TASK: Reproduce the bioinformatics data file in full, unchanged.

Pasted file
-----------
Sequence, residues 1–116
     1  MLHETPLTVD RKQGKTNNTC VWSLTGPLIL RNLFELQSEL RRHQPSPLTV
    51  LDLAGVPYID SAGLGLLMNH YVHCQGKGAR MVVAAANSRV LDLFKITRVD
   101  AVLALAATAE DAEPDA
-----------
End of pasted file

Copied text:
Sequence, residues 1–116
     1  MLHETPLTVD RKQGKTNNTC VWSLTGPLIL RNLFELQSEL RRHQPSPLTV
    51  LDLAGVPYID SAGLGLLMNH YVHCQGKGAR MVVAAANSRV LDLFKITRVD
   101  AVLALAATAE DAEPDA